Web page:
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Domestic violence is a complex area of family law. Under Georgia law, domestic violence often involves criminal and family courts, even though they are two different areas of law. If you are a victim of domestic violence, you may not know which type of lawyer you should hire. In these situations, it is difficult to know whether you need to speak to a criminal prosecutor or a family law practitioner.
At Banks, Stubbs & McFarland LLP, we represent victims of family violence. If you are considering getting a divorce, and the issue of domestic violence has a role in your divorce proceedings, having an attorney by your side to give you legal advice is a wise move.
If you and your domestic abuser are co-parents, family court judges will also consider domestic abuse during child custody matters. If you are involved in a domestic violence case in the North Georgia area, our law firm can help. Contact our law firm as soon as possible to schedule your initial consultation.
The area of family law covers all areas associated with divorce. For example, the distribution of assets, child support, spousal support, child custody, visitation, and paternity issues are all part of family law. Domestic violence also falls into the area of family law. Victims of domestic violence may need to seek a protective order to keep themselves and their children safe.
When domestic violence is ongoing, the Department of Family Services (DFS) will usually get involved. If this is your situation, speaking with an experienced family law attorney can be wise. At Banks, Stubbs & McFarland LLP, we can help you understand your rights as a parent as you work with a social worker from DFS.
When law enforcement is called to a domestic violence call, and there is enough evidence, they may arrest the domestic violence suspect. Prosecutors can then bring criminal domestic violence charges against the suspect in criminal court. The defendant, who is accused of domestic violence, cannot launch counter-allegations against the victim.
If you are the victim of domestic violence, your abuser who is facing criminal charges cannot bring domestic charges against you, he or she can only defend against his or her domestic violence allegations. You will likely be called to testify at a domestic abuse criminal proceeding.
Domestic violence victims have the right to seek a protective order or a restraining order in the state of Georgia. The purpose of orders of protection is to stop domestic violence within a family. Georgia courts will issue an order of protection to limit the behavior of a person who harms or threatens another person.
Georgia family court, criminal court, and the Supreme Court judges can all issue an order of protection. Georgia family courts can issue orders of protection as part of a civil, not a criminal proceeding. Family court proceedings in Georgia are confidential, and judges seek to stop violence within a family and provide protection for any individuals who have been hurt, or who are at risk. Your relationship to the other person needs to fall into one of the following categories to obtain an order of protection in a Georgia Family Court:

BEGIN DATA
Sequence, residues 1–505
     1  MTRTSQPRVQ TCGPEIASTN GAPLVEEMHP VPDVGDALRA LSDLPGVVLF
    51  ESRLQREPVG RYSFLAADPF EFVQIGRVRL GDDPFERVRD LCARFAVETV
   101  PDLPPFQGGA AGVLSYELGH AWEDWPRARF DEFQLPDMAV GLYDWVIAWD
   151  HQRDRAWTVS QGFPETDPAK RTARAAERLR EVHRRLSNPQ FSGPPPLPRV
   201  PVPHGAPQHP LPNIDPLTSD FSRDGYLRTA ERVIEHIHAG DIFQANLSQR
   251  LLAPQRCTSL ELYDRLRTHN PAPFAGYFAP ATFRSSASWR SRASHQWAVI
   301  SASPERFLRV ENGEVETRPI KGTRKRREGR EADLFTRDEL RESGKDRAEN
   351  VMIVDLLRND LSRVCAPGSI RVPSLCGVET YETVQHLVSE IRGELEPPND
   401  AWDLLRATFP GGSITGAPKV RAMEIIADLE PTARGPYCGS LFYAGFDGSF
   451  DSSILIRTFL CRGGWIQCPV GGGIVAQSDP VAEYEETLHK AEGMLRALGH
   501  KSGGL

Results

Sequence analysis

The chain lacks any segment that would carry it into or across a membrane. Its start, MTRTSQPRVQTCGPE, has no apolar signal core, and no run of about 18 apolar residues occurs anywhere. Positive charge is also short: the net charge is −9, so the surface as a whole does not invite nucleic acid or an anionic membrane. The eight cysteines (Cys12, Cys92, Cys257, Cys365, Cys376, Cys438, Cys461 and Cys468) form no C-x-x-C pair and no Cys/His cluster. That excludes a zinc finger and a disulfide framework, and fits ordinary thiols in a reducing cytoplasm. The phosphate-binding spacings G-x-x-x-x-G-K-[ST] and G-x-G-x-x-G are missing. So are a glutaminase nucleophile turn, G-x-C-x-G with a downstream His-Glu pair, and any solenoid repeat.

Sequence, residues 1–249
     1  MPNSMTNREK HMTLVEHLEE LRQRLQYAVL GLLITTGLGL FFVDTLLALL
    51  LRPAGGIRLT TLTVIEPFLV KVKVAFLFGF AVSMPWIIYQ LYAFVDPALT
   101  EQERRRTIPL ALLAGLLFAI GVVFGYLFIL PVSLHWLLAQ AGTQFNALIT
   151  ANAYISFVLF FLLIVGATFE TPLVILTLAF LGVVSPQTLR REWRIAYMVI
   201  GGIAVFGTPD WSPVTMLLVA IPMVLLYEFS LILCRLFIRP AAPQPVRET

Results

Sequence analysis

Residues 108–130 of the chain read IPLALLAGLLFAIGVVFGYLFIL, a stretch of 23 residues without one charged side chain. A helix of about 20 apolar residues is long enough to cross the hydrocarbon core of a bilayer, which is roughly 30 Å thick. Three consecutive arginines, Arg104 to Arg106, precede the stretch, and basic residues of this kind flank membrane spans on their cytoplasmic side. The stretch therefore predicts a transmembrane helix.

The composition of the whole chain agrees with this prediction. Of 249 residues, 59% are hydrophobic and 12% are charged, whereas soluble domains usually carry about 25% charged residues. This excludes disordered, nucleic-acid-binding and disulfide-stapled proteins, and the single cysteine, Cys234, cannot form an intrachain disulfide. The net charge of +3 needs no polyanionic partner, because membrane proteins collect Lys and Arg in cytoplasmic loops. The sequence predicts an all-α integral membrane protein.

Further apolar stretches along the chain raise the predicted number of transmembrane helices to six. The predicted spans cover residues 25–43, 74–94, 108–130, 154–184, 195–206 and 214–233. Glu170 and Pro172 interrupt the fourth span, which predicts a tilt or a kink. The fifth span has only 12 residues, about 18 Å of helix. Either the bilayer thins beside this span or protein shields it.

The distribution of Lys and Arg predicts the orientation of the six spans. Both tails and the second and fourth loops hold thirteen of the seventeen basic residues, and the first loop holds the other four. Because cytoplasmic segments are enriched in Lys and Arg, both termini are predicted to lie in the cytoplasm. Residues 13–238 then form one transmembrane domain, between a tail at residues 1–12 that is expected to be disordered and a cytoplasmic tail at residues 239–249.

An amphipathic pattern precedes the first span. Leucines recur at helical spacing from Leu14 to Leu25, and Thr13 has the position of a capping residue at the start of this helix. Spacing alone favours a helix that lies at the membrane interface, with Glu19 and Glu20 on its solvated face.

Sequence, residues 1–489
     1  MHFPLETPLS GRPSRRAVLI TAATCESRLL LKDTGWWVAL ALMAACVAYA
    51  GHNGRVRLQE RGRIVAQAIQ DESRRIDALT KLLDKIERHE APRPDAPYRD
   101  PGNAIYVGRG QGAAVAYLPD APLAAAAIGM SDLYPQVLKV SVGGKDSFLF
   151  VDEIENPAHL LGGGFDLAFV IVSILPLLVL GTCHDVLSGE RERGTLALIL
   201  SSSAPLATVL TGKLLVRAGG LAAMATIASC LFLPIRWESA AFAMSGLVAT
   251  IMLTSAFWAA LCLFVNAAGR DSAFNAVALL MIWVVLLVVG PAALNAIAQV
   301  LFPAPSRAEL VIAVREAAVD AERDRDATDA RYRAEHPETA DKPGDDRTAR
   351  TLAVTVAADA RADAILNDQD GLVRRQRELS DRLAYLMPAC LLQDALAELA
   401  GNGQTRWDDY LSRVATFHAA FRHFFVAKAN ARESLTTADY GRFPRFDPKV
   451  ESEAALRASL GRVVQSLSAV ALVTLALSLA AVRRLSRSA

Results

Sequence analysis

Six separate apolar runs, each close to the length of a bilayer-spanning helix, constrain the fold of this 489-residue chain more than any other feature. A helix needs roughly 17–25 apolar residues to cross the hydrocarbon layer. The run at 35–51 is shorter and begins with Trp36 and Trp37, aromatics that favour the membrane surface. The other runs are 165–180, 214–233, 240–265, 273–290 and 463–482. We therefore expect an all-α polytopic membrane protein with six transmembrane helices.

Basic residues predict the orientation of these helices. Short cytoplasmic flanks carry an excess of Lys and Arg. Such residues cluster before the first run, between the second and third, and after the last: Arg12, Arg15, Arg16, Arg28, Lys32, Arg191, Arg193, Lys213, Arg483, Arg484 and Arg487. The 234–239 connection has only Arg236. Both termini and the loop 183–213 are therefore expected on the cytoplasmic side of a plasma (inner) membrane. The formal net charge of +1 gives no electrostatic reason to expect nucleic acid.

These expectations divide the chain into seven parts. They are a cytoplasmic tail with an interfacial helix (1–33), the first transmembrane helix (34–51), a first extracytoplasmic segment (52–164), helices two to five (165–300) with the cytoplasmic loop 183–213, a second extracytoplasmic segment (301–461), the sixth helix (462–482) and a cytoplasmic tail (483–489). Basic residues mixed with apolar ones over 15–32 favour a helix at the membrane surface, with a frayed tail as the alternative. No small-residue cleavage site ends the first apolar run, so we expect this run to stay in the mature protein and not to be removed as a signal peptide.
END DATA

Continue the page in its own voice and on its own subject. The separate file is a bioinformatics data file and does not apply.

An intimate relationship doesn’t need to be sexual in nature when it comes to requesting an order of protection in a family court. Instead, an intimate relationship depends on how often you see each other, or how long you’ve known each other. After you file a petition, the Georgia family court will determine whether you’re in an intimate relationship.
During a family law case, the victim does not receive any legal protections. Family proceedings operate on the assumption that a family dispute is not a criminal dispute. Courts do not have remedies for criminal acts that are involved in family dispute cases. In family law disputes, including divorce and child custody proceedings, the accused domestic abuser can defend himself or herself with their allegations.
In some cases, a domestic violence abuser can turn the Georgia courts against the domestic violence victim. Hiring an experienced domestic violence lawyer to help you with your case is essential. At Banks, Stubbs & McFarland LLP, we can represent your best interests during your divorce or child custody hearings. We understand the best way to gather and present the evidence demonstrating domestic violence in your case. We will advocate for your best interests throughout your divorce or custody matter while seeking a child custody agreement that protects you as the parent and your children.
An order of protection can direct the offending person not to injure, threaten, or harass your family, or any other person to listen to the order. A restraining order can restrict the individual regulated by order of protection by requiring him or her to do the following:
A violation of a protection order could result in jail time for that individual.
At Banks, Stubbs & McFarland LLP, we understand which facets of Georgia laws can protect you in a domestic violence incident. This knowledge is critical to your divorce case, your child custody case, the domestic violence case, or your petition for an order of protection. The sooner you reach out to a family lawyer, the better. Contact us today to schedule your initial consultation with our law firm.
We are located in Suwanee Georgia, but we defend clients throughout Gwinnett County, Forsyth County, Hall County, Barrow County, Jackson County, and Dawson County. Contact our Suwanee law firm as soon as possible to learn how we advocate for your best interests.